How did you start in theatre?
My sixth-form theatre studies teacher convinced me it was a good subject to try.
What is your best piece of advice for students today?
Be patient, both in terms of your progress and your creative processes. Avoid the temptation to predict or plan outcomes. Enjoy the creative process and reflect on what works for you.
What would you change about training in the UK?
I would advocate more learning that focuses on real-world application. Our production arts degree programmes are modelled on this approach – to learn by doing and reflecting.
What is the best part of your job?
The variety. I enjoy working on a broad range of projects with a lot of interesting people.
And your least favourite?
Never being satisfied. Creatives are always burdened by the constant nagging feeling that things could be bigger and better.
Which practitioners do you admire the most/who should students look up to?
There are so many inspirational figures, but stand out examples include: 59 Productions, Simon McBurney, Steven Berkoff and Chris Cunningham.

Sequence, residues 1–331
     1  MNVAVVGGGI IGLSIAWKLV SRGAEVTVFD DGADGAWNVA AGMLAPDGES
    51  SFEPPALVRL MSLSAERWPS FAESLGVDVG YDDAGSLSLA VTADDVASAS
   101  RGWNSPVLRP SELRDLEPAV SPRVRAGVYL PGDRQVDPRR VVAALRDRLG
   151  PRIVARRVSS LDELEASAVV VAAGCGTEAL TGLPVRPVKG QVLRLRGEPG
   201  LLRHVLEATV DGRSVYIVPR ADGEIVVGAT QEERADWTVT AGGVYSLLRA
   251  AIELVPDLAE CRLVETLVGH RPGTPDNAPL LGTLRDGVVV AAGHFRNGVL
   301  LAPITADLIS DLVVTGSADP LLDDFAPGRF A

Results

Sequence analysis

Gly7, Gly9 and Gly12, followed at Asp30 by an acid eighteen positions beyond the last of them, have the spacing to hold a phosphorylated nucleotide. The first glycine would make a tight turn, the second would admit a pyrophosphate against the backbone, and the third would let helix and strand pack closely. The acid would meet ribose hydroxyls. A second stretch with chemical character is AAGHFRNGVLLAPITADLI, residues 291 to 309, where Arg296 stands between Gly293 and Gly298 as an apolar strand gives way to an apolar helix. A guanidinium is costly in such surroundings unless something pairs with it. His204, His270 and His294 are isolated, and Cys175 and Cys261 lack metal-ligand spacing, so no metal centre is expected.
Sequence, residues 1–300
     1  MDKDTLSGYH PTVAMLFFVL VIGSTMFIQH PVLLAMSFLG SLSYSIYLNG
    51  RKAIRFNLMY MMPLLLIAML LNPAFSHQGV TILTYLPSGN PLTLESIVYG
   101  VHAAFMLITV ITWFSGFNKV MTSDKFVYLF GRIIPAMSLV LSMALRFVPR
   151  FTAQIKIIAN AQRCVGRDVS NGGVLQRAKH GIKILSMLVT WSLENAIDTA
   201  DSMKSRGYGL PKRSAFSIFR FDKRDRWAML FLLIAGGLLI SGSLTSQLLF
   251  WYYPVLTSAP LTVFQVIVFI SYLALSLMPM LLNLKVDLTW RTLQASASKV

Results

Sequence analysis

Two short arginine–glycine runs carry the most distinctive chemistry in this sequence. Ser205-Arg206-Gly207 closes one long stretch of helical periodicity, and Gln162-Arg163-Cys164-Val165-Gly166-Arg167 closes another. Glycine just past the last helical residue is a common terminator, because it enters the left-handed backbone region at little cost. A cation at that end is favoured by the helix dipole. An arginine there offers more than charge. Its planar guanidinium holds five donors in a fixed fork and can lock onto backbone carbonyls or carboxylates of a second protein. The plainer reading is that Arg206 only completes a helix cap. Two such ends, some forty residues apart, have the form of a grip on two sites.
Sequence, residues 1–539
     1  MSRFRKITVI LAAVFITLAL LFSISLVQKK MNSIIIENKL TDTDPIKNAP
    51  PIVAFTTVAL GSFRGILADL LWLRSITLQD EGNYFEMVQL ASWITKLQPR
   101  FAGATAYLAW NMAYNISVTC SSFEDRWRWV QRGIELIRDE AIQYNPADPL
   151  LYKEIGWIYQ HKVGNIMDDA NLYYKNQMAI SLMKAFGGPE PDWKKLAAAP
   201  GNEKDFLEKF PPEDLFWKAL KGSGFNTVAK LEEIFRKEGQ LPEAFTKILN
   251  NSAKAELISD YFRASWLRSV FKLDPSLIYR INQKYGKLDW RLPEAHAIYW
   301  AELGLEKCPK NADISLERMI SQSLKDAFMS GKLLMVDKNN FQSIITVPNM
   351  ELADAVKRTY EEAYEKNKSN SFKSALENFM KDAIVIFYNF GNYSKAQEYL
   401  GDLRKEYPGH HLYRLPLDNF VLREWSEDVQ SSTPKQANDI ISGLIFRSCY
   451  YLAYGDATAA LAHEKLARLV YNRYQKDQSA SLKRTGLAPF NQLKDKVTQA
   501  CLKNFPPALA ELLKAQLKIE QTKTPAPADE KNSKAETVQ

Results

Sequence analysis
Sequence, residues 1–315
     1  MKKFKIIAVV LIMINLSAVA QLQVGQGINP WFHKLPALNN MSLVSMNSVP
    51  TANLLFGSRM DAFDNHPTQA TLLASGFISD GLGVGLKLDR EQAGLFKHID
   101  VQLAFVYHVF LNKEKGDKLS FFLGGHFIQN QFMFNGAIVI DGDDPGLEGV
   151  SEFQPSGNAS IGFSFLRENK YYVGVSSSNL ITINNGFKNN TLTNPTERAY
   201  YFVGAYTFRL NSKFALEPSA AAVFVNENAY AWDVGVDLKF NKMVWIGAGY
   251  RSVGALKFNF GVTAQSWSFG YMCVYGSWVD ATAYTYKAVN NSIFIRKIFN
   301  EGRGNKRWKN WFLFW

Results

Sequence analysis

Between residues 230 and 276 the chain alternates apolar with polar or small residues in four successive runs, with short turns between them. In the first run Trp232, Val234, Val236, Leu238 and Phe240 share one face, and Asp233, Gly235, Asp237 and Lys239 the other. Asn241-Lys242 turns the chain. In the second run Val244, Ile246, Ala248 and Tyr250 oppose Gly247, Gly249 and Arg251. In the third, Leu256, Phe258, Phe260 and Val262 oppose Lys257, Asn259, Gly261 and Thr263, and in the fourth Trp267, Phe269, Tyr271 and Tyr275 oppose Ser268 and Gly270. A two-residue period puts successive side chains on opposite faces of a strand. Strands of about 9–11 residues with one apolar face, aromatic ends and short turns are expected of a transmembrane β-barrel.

What is the one skill every successful theatre professional should have?
The ability to reflect and self-develop. You are a product of your own making.
What are the benefits to students of working on projects such as the Beasts of London experience during training?
Skills, knowledge and technique can all be taught to a professional standard in a class or workshop, but how to apply those attributes in practice is a different challenge. Projects such as this offer students the opportunity to enhance their learning with practical experience in a safe and supportive way.
Dan Shorten was talking to John Byrne. The Museum of London’s Beasts of London, created in partnership with Guildhall runs until January 5, 2020. Go to museumoflondon.org.uk for information